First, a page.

This study of the effect of literature on readers, both as individuals and as members of social groups, focuses on Russia's national poet, Alexander Pushkin, as a model for investigating the aesthetic and social functions of literature.
The individual reader's response to the literary text is demonstrated in Part One through a broad range of memoirs, diaries, and correspondences in which Russian readers recorded their reactions to Pushkin. Among the reactions are testimonies that Pushkin's works helped readers form their personalities, provided cathartic relief in times of stress, and aided them in releasing their suppressed emotions. In his analysis, the author draws on various psychological approaches, from studies of perception through developmental psychology to psychoanalysis.
Part Two exposes the extent to which individuals' aesthetic responses are conditioned by their social environment. Against the backdrop of Russian social history in the early nineteenth century, the author describes the dissemination of new aesthetic norms, notably the relations of the Russian literary elite to "lowbrow" and "middlebrow" groups. In this context, he analyzes a number of Pushkin imitations (with Pushkin's responses to them) and links Nikolai Gogol's development as a writer to the social groups surrounding Pushkin. Among the other topics discussed are the popularization of Pushkin on the stage and his inclusion in school textbooks and anthologies.
The aura surrounding the personality of an author is the subject of Part Three, in which the author shows how Pushkin's death in a duel with a foreigner contributed to his emergence as a symbol of the Russian nation, and how deep-seated anxiety about national identity gave rise to the Pushkin myth and to the canonization of the poet as martyr. The author also describes how the combined effect of the widespread reading of Pushkin's work and his legend as martyr allowed him to remain Russia's main mythic figure despite the Soviet Union's attempts to supplant him with Lenin. Throughout the book, theoretical arguments are buttressed by close readings of Pushkin's works, especially The Prisoner of the Caucasus , Eugene Onegin , Poltava , Egyptian Nights , and several lyric poems.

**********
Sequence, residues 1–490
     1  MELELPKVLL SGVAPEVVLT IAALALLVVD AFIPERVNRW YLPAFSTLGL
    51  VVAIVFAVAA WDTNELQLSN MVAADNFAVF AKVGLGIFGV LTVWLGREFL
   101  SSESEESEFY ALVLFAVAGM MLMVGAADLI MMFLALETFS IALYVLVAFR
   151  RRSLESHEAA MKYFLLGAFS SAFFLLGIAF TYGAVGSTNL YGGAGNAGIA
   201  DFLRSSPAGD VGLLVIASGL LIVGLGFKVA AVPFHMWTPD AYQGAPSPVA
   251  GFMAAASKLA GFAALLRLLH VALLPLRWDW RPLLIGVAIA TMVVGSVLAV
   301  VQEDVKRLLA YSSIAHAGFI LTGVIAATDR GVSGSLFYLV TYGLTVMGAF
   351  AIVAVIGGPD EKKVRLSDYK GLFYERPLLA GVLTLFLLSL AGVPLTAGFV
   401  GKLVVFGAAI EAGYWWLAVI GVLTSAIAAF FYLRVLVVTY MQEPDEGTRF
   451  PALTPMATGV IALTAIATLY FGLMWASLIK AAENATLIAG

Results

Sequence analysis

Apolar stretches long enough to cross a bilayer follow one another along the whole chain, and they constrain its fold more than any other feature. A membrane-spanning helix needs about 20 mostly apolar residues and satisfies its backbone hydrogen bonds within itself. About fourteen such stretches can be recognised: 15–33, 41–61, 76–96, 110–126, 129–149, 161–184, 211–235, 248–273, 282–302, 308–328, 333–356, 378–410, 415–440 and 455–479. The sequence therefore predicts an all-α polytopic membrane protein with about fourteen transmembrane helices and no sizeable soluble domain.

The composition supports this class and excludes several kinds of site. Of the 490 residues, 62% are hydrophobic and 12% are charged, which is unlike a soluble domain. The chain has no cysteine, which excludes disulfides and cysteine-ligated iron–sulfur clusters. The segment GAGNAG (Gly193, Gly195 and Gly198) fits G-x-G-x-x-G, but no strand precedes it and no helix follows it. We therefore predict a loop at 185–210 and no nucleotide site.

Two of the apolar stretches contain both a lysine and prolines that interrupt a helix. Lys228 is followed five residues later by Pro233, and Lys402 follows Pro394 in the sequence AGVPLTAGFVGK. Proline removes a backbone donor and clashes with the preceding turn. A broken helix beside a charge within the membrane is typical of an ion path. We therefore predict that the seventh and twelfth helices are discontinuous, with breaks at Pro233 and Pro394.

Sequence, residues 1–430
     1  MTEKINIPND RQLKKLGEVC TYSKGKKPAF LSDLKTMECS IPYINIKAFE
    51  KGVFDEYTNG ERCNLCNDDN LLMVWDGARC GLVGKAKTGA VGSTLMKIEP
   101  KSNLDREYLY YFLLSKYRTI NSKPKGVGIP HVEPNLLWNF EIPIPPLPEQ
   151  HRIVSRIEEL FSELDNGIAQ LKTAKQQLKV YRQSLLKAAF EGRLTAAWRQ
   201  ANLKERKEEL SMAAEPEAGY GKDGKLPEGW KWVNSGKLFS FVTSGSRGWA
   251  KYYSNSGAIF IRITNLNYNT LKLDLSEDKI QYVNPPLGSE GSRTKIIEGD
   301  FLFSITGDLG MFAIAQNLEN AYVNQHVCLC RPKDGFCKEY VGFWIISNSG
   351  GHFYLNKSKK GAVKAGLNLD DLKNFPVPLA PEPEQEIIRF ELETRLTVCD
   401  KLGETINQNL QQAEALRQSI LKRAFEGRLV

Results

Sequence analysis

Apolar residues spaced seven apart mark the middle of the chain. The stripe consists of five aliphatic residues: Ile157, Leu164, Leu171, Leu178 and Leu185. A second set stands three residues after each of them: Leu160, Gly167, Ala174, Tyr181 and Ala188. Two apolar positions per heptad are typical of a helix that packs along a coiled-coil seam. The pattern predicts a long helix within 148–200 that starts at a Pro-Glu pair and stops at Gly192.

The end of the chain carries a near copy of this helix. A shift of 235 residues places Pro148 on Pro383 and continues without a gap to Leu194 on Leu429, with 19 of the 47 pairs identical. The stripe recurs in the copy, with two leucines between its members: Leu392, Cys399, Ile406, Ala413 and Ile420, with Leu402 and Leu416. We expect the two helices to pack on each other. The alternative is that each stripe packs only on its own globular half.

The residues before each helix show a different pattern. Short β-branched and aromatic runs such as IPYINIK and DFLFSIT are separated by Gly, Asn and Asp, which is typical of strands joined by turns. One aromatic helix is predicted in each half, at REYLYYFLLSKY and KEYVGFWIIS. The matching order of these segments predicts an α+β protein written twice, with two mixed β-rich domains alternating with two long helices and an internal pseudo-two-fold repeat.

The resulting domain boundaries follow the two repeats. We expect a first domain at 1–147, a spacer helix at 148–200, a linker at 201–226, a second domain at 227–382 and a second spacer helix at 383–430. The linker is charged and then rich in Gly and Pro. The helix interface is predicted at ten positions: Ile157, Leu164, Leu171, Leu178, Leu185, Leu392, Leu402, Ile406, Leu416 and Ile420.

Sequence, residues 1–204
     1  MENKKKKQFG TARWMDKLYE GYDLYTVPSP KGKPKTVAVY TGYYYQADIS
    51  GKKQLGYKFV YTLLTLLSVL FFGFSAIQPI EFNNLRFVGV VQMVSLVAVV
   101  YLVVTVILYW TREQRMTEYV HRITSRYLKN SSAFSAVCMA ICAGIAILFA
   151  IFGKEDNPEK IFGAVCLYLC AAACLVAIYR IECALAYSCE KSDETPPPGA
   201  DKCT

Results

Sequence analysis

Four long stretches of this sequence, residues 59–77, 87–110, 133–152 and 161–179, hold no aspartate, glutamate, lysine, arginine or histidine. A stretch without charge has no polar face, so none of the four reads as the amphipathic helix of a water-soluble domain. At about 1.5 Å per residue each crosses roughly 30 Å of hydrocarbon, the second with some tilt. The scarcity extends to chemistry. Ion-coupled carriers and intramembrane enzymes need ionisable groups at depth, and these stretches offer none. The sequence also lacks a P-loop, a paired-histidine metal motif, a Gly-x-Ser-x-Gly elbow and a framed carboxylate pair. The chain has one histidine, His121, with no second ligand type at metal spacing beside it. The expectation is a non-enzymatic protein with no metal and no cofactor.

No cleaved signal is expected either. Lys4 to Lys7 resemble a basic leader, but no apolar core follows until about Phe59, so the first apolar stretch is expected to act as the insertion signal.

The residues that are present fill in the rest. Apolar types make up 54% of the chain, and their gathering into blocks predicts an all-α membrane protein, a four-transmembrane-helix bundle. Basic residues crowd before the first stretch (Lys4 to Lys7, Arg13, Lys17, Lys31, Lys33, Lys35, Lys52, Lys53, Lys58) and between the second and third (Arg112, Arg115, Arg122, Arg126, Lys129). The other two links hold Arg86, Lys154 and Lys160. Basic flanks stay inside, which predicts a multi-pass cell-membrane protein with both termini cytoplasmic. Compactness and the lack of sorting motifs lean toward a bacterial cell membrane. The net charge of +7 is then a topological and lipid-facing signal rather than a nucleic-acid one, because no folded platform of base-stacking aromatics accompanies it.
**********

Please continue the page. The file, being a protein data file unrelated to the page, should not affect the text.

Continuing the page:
|Publisher:||Stanford University Press|
|Product dimensions:||6.00(w) x 9.00(h) x 1.00(d)|
About the Author
Paul Debreczeny is Alumni Distinguished Professor of Russian and Comparative Literature at the University of North Carolina. Among his many publications are Alexander Pushkin: Complete Prose Fiction (translated) and The Other Pushkin: A Study of Alexander Pushkin's Prose Fiction (both Stanford, 1983).